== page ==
In 1954, Silver led a quartet at Minton’s Playhouse with saxophonist Hank Mobley and bassist Doug Watkins. In February of 1954, he appeared as a member of the Art Blakey Quintet for the Blue Note album “At Night At Birdland” volumes one and two. Under Blakey’s leadership, Silver joined trumpeter Clifford Brown, Lou Donaldson, and bassist Curly Russell for a showcase of hard bop which included his three original compositions “Split Kick,” “Quicksilver,” and “Myreh.” Nick Catalano, author of Clifford Brown: The Life and Art of the Legendary Jazz Trumpeter, emphasized that the Birdland album “has become a jazz classic for many reasons; the brilliant improvisations, the innovative Silver compositions, the quintessential hard bop musical statements, and the production standards by Rudy Van Gelder and Blue Note.”

Because of its versatility and modern edge, Silver’s music influenced musical trends outside mainstream jazz. John Storm Roberts, in his book Latin Jazz: The First of the Fusions, commented that during the 1970s “Silver’s soul-Latin mix would give another shot in the arm to the movement toward a funk-Latin jazz fusion.” During the 1980s, Silver’s Latin-tinged music reached London discos, and influenced many of “the Young Lions” of the new acoustic jazz school. However, as Stuart Nicholson observed in Jazz: The 1980s Resurgence, “Silver failed to capitalize on the bebop revival of the 1980s in the way several of his contemporaries did.” In 1981, Silver formed Silveto Records. As he explained in Talking Jazz, the label was devoted to “self-help, holistic, metaphysical music” intended to integrate “a trilogy, consisting of spirit, mind and body.” Among the best of his Silveto recordings was “Music to Ease Your Disease.” This album featured Silver’s former saxophonist Junior Cook, trumpeter Clark Terry, bassist Billy Drummond, and drummer Billy Hart. Silver returned to his hard bop roots during the 1990s, and recorded the Columbia releases “It’s Got to Be Funky” in 1993 and “Pencil Packin’ Papa” in 1994. He also recorded “The Hardbop Grandpop!” in 1996 and “Jazz Has a Sense of Humor” in 1999 for the Impulse! label. His 1997 Silveto release, “A Prescription For the Blues,” featured the horns of Michael and Randy Brecker, bassist Ron Carter, and longtime sideman Louis Hayes. Silver’s music was included on a Blue Note remix release in 1998, and appeared as part of the company’s three CD compilation, “The Blue Note Years.”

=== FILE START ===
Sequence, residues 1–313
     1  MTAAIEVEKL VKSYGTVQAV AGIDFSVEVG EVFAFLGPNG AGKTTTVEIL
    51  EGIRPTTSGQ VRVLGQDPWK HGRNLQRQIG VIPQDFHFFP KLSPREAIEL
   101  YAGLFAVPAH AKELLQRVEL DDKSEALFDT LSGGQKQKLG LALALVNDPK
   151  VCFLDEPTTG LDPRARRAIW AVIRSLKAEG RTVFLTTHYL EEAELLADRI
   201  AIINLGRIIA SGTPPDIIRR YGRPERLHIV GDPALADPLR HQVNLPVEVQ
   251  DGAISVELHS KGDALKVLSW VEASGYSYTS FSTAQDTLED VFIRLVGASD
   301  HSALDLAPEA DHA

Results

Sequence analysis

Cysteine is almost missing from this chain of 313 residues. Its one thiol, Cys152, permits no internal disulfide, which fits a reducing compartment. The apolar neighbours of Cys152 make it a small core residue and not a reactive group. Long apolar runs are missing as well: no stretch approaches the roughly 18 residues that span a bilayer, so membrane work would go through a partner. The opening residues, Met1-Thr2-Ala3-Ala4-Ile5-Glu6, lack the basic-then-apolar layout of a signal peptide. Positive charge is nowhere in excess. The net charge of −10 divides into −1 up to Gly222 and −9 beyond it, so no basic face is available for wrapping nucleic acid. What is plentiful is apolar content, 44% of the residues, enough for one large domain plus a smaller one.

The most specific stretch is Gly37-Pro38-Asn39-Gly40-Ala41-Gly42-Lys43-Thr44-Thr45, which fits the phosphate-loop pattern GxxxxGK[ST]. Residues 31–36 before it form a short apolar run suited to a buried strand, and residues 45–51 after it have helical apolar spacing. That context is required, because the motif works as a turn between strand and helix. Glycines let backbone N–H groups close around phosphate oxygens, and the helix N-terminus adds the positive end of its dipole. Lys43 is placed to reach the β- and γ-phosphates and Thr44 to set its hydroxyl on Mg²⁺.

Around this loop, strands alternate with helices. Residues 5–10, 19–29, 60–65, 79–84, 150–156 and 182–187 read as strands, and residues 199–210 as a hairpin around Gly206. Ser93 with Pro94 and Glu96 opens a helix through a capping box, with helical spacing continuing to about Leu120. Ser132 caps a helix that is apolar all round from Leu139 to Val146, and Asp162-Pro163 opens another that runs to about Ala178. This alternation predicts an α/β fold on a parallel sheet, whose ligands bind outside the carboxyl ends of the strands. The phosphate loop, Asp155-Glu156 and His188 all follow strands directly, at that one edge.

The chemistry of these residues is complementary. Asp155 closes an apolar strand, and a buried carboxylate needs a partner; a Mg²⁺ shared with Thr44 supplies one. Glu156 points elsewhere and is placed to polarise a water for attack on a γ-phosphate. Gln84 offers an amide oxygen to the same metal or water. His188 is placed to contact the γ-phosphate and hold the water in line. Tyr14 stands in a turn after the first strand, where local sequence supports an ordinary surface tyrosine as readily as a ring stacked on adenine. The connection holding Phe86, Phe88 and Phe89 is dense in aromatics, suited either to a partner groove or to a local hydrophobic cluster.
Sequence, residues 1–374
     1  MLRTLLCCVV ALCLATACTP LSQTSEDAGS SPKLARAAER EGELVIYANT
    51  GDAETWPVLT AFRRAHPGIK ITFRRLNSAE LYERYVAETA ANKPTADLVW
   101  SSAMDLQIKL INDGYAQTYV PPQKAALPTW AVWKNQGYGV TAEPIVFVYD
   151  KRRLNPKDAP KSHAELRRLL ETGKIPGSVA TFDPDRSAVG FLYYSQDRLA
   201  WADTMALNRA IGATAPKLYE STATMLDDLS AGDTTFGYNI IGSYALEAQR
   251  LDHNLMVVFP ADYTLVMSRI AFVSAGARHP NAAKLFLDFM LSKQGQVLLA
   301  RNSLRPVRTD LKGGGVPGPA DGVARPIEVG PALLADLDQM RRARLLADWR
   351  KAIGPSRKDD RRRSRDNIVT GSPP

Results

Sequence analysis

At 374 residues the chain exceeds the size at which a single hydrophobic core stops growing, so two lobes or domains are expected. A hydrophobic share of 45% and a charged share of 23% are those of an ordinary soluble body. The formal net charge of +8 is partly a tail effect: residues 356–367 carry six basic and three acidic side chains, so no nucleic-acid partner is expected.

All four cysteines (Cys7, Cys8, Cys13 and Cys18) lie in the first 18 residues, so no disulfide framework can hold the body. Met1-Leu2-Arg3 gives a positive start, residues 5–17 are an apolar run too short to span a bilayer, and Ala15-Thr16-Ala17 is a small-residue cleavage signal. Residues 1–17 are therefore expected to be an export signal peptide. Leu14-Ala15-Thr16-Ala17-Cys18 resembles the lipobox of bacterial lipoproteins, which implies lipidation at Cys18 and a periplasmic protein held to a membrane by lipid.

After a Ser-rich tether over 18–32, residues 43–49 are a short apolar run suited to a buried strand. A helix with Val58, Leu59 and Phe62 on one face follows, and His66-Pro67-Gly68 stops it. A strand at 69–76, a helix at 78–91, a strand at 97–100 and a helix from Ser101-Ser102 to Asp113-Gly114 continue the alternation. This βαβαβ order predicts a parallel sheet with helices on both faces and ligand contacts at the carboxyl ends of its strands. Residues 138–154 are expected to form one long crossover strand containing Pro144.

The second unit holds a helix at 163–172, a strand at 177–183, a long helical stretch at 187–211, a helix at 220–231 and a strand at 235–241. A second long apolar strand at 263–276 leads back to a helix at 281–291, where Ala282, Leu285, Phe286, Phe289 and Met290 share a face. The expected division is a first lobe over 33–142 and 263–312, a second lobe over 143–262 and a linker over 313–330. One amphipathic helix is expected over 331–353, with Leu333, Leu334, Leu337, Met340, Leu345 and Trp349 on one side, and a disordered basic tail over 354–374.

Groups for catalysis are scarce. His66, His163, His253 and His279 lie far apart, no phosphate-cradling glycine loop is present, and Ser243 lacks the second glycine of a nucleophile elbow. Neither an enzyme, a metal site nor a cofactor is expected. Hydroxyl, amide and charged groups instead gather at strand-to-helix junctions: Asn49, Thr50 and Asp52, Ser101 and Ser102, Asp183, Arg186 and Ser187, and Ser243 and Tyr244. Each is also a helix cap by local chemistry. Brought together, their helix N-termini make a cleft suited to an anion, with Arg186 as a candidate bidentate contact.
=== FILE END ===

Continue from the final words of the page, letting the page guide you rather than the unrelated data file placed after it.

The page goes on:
A musician whose musical career spanned from hardbop to a modern sound drenched in a “funky” earthiness and Latin-Caribbean sound, Silver has created a formidable and influential style by distilling the kinetic energy of bebop into a music of emotional intensity and beauty. In his book Talking Jazz, Ben Sidran noted, “To this day jazz players ‘quote’ his [Silver’s] writing and playing, and many of the young lions, those emerging in the popular press, try their best to imitate his compositional devices and to reinvent the Horace Silver sound.”